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Ainsley Schuler April 27, 2018

Submission by Lori Graves

With all the talk about the death penalty being reinstated in Iowa I decided to delve a little deeper into the subject and what I discovered was disturbing. I came upon an article about people with mental illness being given the death penalty. One man’s case stood out to me above all the others.

In the article “How Crazy Is Too Crazy to Be Executed” we are introduced to Andre Thomas who has a long family history of mental illness, alcoholism, and trauma, has attempted suicide several times and suffers from auditory hallucinations. In March of 2004, after receiving a message from God, he murdered his estranged wife “Jezebel”, their 4-year old son “the antichrist”, and her “just plain evil”13-month old daughter. He removed the children’s hearts, and a piece of his wife’s lung that he mistook for her heart, put them in his pocket, and went home and stabbed himself three times in the chest. He later said that he had taken the hearts to “free them from evil” and that they “weren’t really dead”. While awaiting trial he took a bible passage literally and gouged out his own eyes in two separate incidents, consuming the eye after the second. Despite everything that had transpired, and a diagnosis of schizophrenia, he was deemed competent to stand trial and was ultimately given the death penalty.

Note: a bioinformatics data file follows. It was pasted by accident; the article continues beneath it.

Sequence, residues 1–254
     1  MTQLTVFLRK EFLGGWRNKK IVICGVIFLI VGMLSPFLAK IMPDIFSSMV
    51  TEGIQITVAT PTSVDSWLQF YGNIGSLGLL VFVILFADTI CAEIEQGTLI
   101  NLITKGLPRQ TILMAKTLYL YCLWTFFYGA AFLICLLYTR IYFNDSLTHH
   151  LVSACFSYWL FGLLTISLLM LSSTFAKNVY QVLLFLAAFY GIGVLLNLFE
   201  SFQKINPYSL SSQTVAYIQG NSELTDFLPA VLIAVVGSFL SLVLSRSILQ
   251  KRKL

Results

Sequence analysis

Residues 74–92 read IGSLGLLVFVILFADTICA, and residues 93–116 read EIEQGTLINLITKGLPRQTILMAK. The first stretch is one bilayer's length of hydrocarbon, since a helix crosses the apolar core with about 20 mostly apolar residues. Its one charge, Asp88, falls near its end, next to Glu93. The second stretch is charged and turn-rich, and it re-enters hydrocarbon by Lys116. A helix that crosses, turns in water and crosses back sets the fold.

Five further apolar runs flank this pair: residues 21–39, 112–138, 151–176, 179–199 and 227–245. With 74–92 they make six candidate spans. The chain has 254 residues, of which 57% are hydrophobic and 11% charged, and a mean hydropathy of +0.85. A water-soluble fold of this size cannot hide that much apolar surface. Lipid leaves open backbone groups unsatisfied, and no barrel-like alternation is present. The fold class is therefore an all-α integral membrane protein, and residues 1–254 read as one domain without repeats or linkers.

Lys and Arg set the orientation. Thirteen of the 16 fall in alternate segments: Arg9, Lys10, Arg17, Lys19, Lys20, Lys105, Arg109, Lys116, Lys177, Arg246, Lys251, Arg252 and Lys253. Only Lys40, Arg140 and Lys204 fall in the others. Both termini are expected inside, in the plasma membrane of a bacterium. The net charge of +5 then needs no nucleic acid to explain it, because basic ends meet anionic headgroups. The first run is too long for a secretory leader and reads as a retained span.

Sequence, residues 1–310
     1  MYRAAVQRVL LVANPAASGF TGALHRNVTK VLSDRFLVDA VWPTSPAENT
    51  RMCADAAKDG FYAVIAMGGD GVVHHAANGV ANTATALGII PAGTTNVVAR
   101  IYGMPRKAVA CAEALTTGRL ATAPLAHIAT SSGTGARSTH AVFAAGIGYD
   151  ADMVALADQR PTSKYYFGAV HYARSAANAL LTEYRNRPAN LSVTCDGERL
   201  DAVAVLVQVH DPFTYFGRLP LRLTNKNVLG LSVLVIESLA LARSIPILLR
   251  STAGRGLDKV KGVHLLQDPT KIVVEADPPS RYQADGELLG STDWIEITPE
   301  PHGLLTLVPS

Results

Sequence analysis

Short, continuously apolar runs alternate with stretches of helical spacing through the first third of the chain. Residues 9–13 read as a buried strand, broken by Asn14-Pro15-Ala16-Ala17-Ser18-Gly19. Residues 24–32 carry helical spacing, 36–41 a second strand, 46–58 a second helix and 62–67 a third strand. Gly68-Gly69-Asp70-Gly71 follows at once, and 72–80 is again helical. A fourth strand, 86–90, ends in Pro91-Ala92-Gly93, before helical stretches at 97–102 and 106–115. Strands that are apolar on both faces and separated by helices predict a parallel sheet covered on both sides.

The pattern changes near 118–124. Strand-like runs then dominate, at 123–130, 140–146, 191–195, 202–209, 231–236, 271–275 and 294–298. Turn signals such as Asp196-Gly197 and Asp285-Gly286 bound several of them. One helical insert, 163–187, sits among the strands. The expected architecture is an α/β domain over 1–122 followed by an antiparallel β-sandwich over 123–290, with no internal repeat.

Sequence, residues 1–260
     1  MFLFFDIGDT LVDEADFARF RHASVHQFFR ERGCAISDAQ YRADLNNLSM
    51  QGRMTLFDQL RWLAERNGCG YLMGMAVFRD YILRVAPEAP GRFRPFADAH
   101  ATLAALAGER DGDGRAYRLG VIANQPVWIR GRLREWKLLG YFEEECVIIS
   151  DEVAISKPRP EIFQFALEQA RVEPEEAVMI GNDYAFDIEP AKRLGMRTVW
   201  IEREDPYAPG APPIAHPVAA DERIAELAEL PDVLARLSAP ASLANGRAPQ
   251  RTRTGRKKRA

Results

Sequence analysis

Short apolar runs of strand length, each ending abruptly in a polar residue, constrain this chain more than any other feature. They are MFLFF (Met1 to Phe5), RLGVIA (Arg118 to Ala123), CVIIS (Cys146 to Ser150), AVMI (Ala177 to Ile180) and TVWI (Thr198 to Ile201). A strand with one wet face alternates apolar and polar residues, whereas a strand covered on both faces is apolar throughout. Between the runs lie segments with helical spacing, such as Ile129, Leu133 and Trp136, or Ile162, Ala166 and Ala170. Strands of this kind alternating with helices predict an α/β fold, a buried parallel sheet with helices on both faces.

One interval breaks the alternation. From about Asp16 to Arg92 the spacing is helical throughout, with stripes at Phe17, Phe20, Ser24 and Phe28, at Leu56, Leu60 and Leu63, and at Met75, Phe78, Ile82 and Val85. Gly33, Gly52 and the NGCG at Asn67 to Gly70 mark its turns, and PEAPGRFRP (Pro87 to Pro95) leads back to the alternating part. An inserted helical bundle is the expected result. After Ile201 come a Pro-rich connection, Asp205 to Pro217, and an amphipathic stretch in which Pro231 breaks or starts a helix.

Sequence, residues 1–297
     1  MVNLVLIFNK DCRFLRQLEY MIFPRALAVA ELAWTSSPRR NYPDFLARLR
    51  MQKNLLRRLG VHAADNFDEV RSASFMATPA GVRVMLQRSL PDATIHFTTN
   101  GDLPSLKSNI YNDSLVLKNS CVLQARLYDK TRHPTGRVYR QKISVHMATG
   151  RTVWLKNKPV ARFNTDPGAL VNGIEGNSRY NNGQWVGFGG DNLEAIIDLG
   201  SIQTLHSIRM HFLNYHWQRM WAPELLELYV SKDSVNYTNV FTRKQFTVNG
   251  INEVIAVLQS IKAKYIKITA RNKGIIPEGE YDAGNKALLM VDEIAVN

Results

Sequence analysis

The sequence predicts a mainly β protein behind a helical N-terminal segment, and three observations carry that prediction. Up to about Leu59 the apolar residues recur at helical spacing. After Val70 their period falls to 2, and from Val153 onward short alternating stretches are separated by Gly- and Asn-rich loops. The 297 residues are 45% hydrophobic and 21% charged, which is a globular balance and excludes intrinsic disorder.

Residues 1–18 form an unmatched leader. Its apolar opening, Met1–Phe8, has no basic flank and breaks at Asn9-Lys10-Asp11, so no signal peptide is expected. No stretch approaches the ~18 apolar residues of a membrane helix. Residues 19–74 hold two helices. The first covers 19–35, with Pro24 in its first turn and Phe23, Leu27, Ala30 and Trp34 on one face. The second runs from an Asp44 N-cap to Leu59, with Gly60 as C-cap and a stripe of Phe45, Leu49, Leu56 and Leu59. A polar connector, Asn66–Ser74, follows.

Proponents of rule utilitarianism believe that “everyone should always establish and follow that rule or those rules that will bring about the greatest good for all concerned.” (Thiroux 26), and for the most part I agree with that theory; however, I also believe that there are often situations where there needs to be alternatives to the usual rules and consequences in place. I feel that in this case the authorities should have found a better alternative for this situation. I believe that the death penalty should be an option for people who commit heinous crimes, but I also think that there should be other recourses in place for those people that have a long-documented history of mental illness.

According to the Texas Department of Criminal Justice website, 14 years later, Andre Thomas is still awaiting execution in Texas.

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